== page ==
When You’re Purchasing a Hearing Aid, Here’s What to Consider
The numbers don’t lie: you might need hearing aids someday. A quarter of all people between 60 and 75, according to an NIDCD report, have hearing loss and for individuals over 75 this figure increases to 50%. The best way to combat age-related hearing loss is to use a hearing aid, but how can you discover which style is best for you? Developments in technology in recent times have corrected some of the issues traditionally connected to hearing aids, like an excessive amount of background noise and susceptibility to water damage. But there’s still a lot you need to know when choosing a hearing aid to make sure it fits your lifestyle.
Directionality is a Crucial Feature
Directionality is one key feature you should look for, which is your hearing aid’s ability to focus on the specific noise around you (such as a conversation) while reducing background noise to a minimum. Many hearing aids have different directionality systems, which either focus on the sound right in front of you, the sound that’s coming from different speakers, or a mix of both.
Can You Use it With Your Phone?
It’s become obvious, we’re addicted to our cellphone as a country. Even if you don’t have a smartphone, it’s likely you have a flip phone. And for the few who don’t actually have a cell phone, you likely still have a land-line. So, when you’re trying out different hearing aids, you should test how they work with your phone. What does it sound like? Do voices sound clear? Is it Comfortable? Are there any Bluetooth connectivity options available? When looking at new hearing aids, you need to take into account all of these.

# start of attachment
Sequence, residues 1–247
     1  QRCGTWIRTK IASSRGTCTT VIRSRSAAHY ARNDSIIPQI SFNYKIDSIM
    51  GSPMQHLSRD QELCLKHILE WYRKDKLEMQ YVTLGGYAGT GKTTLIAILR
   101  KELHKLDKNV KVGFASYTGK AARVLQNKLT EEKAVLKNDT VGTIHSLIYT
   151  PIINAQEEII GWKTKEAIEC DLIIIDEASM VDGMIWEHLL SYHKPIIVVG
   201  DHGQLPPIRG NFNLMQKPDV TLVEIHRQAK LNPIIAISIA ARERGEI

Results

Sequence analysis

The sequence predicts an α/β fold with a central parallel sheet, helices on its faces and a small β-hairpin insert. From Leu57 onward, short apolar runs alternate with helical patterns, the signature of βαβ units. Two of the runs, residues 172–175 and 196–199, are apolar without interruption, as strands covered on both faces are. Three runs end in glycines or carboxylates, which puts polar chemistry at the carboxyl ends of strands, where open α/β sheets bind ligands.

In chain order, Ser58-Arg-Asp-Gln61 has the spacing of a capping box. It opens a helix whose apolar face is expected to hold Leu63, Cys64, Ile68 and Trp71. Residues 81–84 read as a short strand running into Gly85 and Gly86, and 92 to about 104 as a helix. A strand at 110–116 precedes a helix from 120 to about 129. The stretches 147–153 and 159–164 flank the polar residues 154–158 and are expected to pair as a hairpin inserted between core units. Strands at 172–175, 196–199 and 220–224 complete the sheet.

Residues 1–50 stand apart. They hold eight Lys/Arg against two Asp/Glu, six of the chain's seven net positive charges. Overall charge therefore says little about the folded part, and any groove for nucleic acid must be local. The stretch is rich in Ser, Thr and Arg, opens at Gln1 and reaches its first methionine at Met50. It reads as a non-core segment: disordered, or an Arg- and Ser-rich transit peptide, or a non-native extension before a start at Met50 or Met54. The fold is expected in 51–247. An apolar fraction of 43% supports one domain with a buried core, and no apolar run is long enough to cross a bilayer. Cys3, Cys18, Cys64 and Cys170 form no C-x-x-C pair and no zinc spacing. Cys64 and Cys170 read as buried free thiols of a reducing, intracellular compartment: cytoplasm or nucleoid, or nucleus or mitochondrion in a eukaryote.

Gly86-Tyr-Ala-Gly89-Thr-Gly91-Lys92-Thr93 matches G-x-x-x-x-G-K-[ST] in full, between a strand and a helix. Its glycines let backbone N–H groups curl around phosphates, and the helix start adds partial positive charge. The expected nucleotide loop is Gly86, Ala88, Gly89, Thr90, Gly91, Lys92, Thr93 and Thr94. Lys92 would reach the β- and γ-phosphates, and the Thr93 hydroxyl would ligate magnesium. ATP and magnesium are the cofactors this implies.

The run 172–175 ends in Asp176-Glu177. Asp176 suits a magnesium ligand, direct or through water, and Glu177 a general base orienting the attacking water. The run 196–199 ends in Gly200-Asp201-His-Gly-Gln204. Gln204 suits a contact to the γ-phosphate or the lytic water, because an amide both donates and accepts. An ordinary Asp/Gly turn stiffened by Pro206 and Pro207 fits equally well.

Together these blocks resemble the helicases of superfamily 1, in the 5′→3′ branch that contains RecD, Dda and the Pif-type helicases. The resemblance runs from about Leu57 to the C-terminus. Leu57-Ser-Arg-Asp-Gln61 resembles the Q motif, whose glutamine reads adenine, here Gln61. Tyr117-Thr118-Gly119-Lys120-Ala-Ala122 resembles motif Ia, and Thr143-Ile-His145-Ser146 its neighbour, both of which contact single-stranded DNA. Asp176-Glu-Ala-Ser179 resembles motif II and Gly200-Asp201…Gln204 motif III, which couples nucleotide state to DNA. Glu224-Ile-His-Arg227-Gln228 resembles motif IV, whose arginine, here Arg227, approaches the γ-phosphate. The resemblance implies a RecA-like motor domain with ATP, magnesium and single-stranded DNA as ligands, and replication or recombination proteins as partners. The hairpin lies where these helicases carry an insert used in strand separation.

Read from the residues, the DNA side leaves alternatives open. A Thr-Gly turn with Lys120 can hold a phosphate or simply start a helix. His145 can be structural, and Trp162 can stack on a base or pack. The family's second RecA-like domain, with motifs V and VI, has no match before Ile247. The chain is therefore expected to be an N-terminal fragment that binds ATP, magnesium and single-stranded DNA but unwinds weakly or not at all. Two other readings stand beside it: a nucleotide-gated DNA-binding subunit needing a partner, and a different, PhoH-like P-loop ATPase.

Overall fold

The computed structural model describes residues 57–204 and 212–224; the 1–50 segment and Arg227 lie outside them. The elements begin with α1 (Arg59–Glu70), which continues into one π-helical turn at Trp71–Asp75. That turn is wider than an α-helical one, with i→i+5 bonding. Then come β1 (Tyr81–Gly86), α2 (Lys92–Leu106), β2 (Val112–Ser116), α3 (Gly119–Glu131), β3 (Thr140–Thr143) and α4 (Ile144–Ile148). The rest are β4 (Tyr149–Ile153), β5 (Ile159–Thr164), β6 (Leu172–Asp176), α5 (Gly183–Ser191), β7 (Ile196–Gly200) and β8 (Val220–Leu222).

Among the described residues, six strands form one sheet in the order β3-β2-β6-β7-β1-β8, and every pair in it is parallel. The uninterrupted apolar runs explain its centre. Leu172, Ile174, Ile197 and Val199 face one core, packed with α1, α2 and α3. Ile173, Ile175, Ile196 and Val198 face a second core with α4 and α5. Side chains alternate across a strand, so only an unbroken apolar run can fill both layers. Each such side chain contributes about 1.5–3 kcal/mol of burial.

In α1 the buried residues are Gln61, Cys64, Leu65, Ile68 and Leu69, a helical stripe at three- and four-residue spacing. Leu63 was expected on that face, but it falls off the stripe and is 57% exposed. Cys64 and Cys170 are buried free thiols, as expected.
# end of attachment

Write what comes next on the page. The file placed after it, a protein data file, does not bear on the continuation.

What is The Probability You Would Actually Use it?
In the last few years, as noted above, the development of hearing aids has vastly improved. One of those advances has been the size and shape of hearing aids, which are much smaller today. Still, there are always going to be some trade-offs. A more compact hearing aid might not be as powerful as a larger one, so it really depends on your hearing professional’s recommendation and what you want to achieve with your hearing aid. The little models won’t have the features of the larger models and they could get clogged with earwax but they fit inside your ears nearly invisibly. On the other side of it, a behind the ear hearing aid is larger and might be more noticeable, but often have more directionality functions and provide more choices for sound amplification.
Exposure to Particular Background Noises
Wind noise has been an extreme issue for hearing aid users ever since they were invented. It could have driven anybody crazy to go outside on a breezy day and hear nothing but wind. you live in a windy place or if you’re an outdoor person so you’ll need to get a hearing aid that suppresses wind noise so you can have conversations at an average volume and avoid the headaches that are linked to hearing aid wind noises. Looking for more information about how to select the correct hearing aid? Give us a call.